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Everyone needs a speaker in their room to listen to music. Rather than looking to buy one that suits you; design and make it yourself.

Step 1: Design

The design is based on an Art Deco style and is made from multiple layers of plywood to give a striped effect to the outside edges of the dock.

Acoustics

After brief research into design features that could improve sound quality, I found that an elongated sound path may help.To follow this I attempted to replicate the Bose wave-guide technology by creating convoluted tubes throughout the dock from the back of the speakers

Power

The dock is made to be portable and used either in your room or anywhere else. It therefore utilises a 9v battery that is recharged via USB, enabling it to be charged in a wide range of ways e.g. laptop...

Step 2: Making

Cutting

To create my design it was helpful to have access to a laser cutter since I'm not too accurate using (or have much patience for) hand saws.

The burned edges from the laser that will be left exposed are sanded down. The inside of the larger circles and smaller surfaces are sanded using a rotary tool and the larger surfaces with an orbital sander when all the layers were glued together

Components

All components are contained internally,the speakers were a little loose so needed to be held in place with hot glue.

The 30 pin dock was originally intended to be located on the front face, but proved to difficult to incorporate wiring alongside other internal components so was relocated to the top which I believe looks better than originally designed.

To secure the dock into its respective layer I first tried resin, but this didn't work and destroyed the connector! As an alternative I used Sugru which worked brilliantly and provides greater flexibility to reduce the chance of any damage to either my phone or the dock when connecting/removing it.

Sticking together

I engraved layer numbers and cut holes for dowels in each corner to help get all the pieces in the right order and straight edges aligned when gluing

Step 3: Finishing

To add a finish to the wood I applied multiple layers of beeswax to give a smooth polished appearance and to give some protection against any moisture it may come into contact with. Rubber feet were also added to raise it from the surface it is sat on.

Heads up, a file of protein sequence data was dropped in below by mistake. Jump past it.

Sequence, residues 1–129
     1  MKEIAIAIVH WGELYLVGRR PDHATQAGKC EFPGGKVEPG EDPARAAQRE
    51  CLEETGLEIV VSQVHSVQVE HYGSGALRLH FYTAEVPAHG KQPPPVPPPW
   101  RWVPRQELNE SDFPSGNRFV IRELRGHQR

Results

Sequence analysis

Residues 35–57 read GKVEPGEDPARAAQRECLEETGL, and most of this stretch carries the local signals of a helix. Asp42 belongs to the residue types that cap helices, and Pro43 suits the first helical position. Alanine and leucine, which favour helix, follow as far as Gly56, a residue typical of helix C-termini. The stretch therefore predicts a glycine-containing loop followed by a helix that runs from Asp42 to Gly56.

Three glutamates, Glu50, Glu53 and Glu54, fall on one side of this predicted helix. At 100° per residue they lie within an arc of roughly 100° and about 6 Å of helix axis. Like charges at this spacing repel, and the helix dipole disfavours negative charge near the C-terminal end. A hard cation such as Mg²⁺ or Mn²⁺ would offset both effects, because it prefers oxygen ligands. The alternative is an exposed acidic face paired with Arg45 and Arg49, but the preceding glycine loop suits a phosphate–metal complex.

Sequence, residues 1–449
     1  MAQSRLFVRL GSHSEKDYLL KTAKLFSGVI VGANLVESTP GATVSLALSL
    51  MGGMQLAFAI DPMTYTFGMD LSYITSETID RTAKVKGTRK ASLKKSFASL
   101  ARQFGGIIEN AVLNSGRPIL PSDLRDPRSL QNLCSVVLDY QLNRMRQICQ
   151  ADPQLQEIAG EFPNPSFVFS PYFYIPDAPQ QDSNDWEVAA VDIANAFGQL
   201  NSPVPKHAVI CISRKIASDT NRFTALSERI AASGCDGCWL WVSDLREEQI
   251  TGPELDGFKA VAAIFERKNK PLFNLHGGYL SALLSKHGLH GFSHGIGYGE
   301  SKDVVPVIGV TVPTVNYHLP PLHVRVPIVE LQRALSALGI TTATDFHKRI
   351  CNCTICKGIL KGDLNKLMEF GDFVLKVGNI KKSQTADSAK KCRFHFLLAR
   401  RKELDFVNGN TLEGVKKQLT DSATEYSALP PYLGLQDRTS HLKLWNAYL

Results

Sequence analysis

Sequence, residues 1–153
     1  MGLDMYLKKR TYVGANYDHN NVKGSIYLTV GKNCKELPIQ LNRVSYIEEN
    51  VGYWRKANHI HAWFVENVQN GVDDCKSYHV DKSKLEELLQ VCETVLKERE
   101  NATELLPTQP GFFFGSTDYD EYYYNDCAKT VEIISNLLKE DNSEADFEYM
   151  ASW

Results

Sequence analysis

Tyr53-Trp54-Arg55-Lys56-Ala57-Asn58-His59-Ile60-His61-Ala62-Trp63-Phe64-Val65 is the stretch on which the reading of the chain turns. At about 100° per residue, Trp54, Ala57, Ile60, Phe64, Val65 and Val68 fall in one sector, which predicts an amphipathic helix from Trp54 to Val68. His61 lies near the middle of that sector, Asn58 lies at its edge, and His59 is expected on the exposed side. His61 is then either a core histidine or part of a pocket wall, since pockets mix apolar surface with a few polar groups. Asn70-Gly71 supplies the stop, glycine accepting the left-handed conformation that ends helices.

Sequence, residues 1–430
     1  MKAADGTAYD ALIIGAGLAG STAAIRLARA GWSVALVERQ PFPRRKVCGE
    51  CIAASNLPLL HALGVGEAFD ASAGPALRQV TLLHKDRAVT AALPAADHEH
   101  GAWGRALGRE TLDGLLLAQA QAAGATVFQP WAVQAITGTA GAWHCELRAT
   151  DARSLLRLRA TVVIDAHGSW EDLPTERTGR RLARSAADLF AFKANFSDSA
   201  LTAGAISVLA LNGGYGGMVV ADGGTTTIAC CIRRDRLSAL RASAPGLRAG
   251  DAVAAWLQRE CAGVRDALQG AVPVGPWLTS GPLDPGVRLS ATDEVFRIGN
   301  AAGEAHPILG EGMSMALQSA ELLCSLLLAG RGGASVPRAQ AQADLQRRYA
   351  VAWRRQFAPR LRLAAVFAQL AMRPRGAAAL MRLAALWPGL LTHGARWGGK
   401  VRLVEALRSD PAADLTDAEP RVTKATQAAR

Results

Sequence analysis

The front is cut from clear acrylic and spaced from the face using polished aluminium tubing at different lengths to give a tiered effect when screwed on. The acrylic is countersunk so the screws are flush with the front surface.

Step 4: Final Product

Overall I think that the dock has turned out well. I had also incorporated a handle in the back to help the aspect of portability.

Improvements

  • It could be a lighter if I removed some material that is not essential from within the layers
  • A aux input jack could be added to widen the range of devices it can be used with

<p>Cool design and detailed article on ipod</p>
<p>Cool design, but what is the plexiglass for?</p>
<p>just to add a feature to the design rather than it just being a chunk of wood</p>
Why not just make an acoustic, passive amplifier issuing the Bose tech??
No such thing. Amplifiers are by definition active. But applying a passive waveguide to the speaker in an iphone would A) sound terrible, almost as bad as the original, B) be monophonic, at least the 30-pin phones... do the new ones have two speakers? And C) be very limited in volume.
<p>I wanted it to be active to give a better volume range rather than just the speaker from my phone</p>
where i can find a pattern to cut the woods? it works it other materiais like cardboard etc? awesome project!
<p>Can you post the templates of the design please?</p>
<p>i still cant find the final design templates. i can upload templates that i used to make the model if that will do for now until i can find the others?</p>
<p>I'm also interested in what electronics you used as part of your iPod dock. </p>
<p>I used a self assembly kit which I got from Kitroniks. Thanks</p>
<p>I will try to find and send you the templates for cutting. I first made a model with card and it works but if using corrugated the sound escapes through the sides and sounds a bit shallow. Thanks</p>
<p>Very nice, it looks really cool!</p>
<p>Nice work!</p>

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